Velocity Reviews - Computer Hardware Reviews

Velocity Reviews > Newsgroups > Programming > C Programming > Running time calculation

Reply
Thread Tools

Running time calculation

 
 
SSG
Guest
Posts: n/a
 
      07-07-2005
Hi All!

I know how to calculate the running time of a particular routine, but i
want to know how to reduce the running time in a program...........

can anyone knows help me........

also tell me the definitions for system time, user time, real
time..........

 
Reply With Quote
 
 
 
 
Lawrence Kirby
Guest
Posts: n/a
 
      07-07-2005
On Thu, 07 Jul 2005 00:15:39 -0700, SSG wrote:

> Hi All!
>
> I know how to calculate the running time of a particular routine, but i
> want to know how to reduce the running time in a program...........


This is a very large topic. You usually start however by analysing the
overall problem and selecting good algorithms. Algorithm selection can
have an enormously greater effect than micro-optimisations you might apply
later on.

> can anyone knows help me........
>
> also tell me the definitions for system time, user time, real
> time..........


These definitions don't really exist in C. You may have monitoring tools
that use these terms. A common definiion is that system time is the CPU
time spent executing in the OS/system/kernel, user time is the time spent
executing (non-system) application code and real time is the elapsed
"wall-clock" time of the execution.

In C the time() function can be used to give a measurement of real time,
and the clock() function of CPU time. the meaning of "CPU time" here is
implementation specific but it typically a combination of system and user
time, it could even correspond to real time especially on a
non-multitasking system.

Lawrence


 
Reply With Quote
 
 
 
 
Malcolm
Guest
Posts: n/a
 
      07-07-2005

"SSG" <(E-Mail Removed)> wrote
>
> I know how to calculate the running time of a particular routine, but i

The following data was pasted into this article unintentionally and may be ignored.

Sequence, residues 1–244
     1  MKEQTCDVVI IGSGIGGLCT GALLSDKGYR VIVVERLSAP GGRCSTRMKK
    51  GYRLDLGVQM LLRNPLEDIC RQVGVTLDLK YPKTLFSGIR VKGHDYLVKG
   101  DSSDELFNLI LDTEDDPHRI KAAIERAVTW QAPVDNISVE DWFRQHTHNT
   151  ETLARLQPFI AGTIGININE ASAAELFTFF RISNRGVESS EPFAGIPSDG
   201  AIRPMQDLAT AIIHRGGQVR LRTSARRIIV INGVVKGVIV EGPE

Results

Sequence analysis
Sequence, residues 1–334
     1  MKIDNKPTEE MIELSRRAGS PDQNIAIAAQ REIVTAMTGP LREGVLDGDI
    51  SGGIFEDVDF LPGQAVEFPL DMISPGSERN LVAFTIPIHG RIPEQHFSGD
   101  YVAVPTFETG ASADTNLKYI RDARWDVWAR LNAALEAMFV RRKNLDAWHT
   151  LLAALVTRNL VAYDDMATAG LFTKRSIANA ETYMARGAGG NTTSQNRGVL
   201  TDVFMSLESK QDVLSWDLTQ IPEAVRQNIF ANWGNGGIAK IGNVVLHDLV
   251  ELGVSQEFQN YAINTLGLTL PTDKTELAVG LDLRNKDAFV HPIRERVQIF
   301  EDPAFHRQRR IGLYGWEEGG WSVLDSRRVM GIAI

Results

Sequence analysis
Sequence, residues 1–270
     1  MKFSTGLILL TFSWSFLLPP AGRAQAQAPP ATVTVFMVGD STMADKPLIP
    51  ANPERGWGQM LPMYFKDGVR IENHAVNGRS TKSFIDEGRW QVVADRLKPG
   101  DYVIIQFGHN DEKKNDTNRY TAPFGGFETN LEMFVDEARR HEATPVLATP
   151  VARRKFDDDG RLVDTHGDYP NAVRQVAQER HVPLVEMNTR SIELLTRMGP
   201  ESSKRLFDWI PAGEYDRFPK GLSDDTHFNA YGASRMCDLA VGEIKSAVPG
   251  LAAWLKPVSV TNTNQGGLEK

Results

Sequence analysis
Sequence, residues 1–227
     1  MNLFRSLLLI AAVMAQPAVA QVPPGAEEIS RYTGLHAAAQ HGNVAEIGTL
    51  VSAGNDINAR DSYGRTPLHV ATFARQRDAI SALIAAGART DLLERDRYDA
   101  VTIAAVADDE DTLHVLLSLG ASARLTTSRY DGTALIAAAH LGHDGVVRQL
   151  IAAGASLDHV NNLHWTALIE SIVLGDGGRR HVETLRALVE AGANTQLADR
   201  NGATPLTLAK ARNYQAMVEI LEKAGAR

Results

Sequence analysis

> want to know how to reduce the running time in a program...........
>

Firstly reduce the big O running time of your algorithm to the minimum.

Secondly cut out as many layers of "gift-wrapping" as possible. This
includes reformatting of data and layers of indirection on top of system
calls.

Thirdly look at reducing your requirements. If you are calculating the price
of an average supermarket shop, for instance, then taking a hundred baskets
and averaging them will give you a result almost as good as trawling through
every customer for the past year.

Finally try micro-optimisation of your inner loops. For instnace you cna
rewrite in assembly to improve cache coherence.


 
Reply With Quote
 
Anonymous 7843
Guest
Posts: n/a
 
      07-07-2005
In article <dakaja$7qp$(E-Mail Removed)-infra.bt.com>,
Malcolm <(E-Mail Removed)> wrote:
>
> For instance you can rewrite in assembly to improve cache coherence.


That doesn't follow. Cache coherence is a property of the
patterns and timing of accessing objects in memory and their
mapping/unmapping from the cache. The issues involved in
tuning an algorithm to be cache-friendly apply equally whether
expressed in C or in assembly. At the very least, it's
probably a good idea to express the cache-friendly algorithm
in C first, see if it makes a difference, then go on to
assembly to extract other gains if possible.
--
7842++
 
Reply With Quote
 
 
 
Reply

Thread Tools

Posting Rules
You may not post new threads
You may not post replies
You may not post attachments
You may not edit your posts

BB code is On
Smilies are On
[IMG] code is On
HTML code is Off
Trackbacks are On
Pingbacks are On
Refbacks are Off


Similar Threads
Thread Thread Starter Forum Replies Last Post
Is time.time() < time.time() always true? flamesrock Python 8 11-24-2006 06:51 AM
Daylight saving time calculation mazdotnet ASP .Net 1 10-14-2006 11:11 PM
calculation of cpu idle time ram.ragu@gmail.com C Programming 33 08-29-2006 02:45 PM
time series calculation in list comprehension? falcon Python 10 03-13-2006 11:08 PM
Re: I want OPTIONAL RUNNING PRINTOUT of a series of calculation Don McDonald NZ Computing 3 07-01-2004 04:25 AM



Advertisments